January 2000 News

J&K issue figures in US-Pak talks

21 January 2000
Pioneer

ISLAMABAD: Pakistan and the United States on Friday held talks over several issues of global and regional importance, including nuclear non-proliferation, Kashmir, Afghanistan and Indo-Pak relations.

The three-member US delegation led by the Assistant Secretary of State Karl Inderfurth held-detailed talks with foreign secretary Shamshad Ahmad Khan.

Mr. Inderfurth was accompanied by Donald Camp, a senior official of the Washington's National Security Council, Michael Sheehan, anti-terrorism expert at the State Department, and William B Milam, US ambassador in Pakistan. Pakistan's ambassador to US Maleeha Lodhi was also present in the meeting.

Mr Shamshad Ahmad emphasised Pakistan's policy of restraint and peace in the region and pointed to the initiatives taken by Pakistan at the higher level. He emphasised the "importance of peaceful resolution of all outstanding issues, particularly Kashmir, reaffirming Pakistan's unequivocal opposition to terrorism". The foreign secretary stressed that Pakistan itself is a "victim of terrorist acts sponsored from outside, which have increased in the recent months". The discussion also focussed on Afghanistan and Pakistan's recent peace efforts.

It is learnt that on Kashmir, Pakistan reiterated its position that the issue be resolved "peacefully" under UN resolution. Pakistan claimed India was "unwilling to address the issue in a meaningful and structured manner".

Pakistan also welcomed US President Bill Clinton's statement expressing readiness to work for solution of the Kashmir problem in the current year. It was stressed that Washington is in a position to play "a constructive role" in promoting peace and stability in the region.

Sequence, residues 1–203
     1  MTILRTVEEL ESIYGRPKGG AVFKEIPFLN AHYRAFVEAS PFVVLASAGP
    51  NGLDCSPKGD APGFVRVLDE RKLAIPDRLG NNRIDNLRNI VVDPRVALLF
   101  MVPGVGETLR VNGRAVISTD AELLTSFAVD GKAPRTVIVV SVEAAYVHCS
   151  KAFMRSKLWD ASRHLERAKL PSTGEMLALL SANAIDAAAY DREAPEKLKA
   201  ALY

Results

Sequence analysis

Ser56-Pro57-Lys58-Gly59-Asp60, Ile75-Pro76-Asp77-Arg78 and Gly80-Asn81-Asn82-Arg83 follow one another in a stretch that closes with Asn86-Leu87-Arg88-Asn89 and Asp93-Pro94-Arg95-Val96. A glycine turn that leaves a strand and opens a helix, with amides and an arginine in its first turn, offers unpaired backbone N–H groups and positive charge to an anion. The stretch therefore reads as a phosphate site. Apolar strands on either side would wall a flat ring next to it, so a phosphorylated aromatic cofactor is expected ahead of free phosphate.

On the issue of nuclear non-proliferation, the US officials were told that Pakistan fully supported all efforts aimed at promoting non-proliferation at regional and global levels and that it has actively taken up the negotiations on CTBT. But Pakistan made it clear that no impulsive decision will be taken and that Government would seek national consensus on the issue of CTBT.

Afghanistan also figured prominently in the meeting and the two sides discussed possibilities of restoring lasting peace in Afghanistan through formation of a broad-based Government. The progress achieved in this regard through the platform of six plus two formula also came under discussion.

Mr. Inderfurth was also briefed on Pakistan's position on the issue of terrorism. Pakistan's foreign office spokesman claimed the US team acknowledged Islamabad's role in "combating terrorism and the menace of narcotics".

Mr. Inderfurth and the members of his delegation will have talks with the Foreign Minister Abdul Sattar on Saturday, before he calls on the Chief Executive General Pervez Musharraf.

Mr Inderfurth will conclude his two-day visit to Pakistan on Saturday.

 

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